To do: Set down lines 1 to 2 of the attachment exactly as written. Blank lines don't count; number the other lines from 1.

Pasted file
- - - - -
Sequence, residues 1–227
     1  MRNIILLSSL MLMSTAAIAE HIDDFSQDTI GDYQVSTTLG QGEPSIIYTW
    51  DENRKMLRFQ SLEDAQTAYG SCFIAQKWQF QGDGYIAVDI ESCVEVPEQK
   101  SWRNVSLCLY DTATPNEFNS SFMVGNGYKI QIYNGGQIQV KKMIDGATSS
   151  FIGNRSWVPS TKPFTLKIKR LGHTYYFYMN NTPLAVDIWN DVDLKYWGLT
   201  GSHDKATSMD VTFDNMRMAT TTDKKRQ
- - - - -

Sequence, residues 1–227
     1  MRNIILLSSL MLMSTAAIAE HIDDFSQDTI GDYQVSTTLG QGEPSIIYTW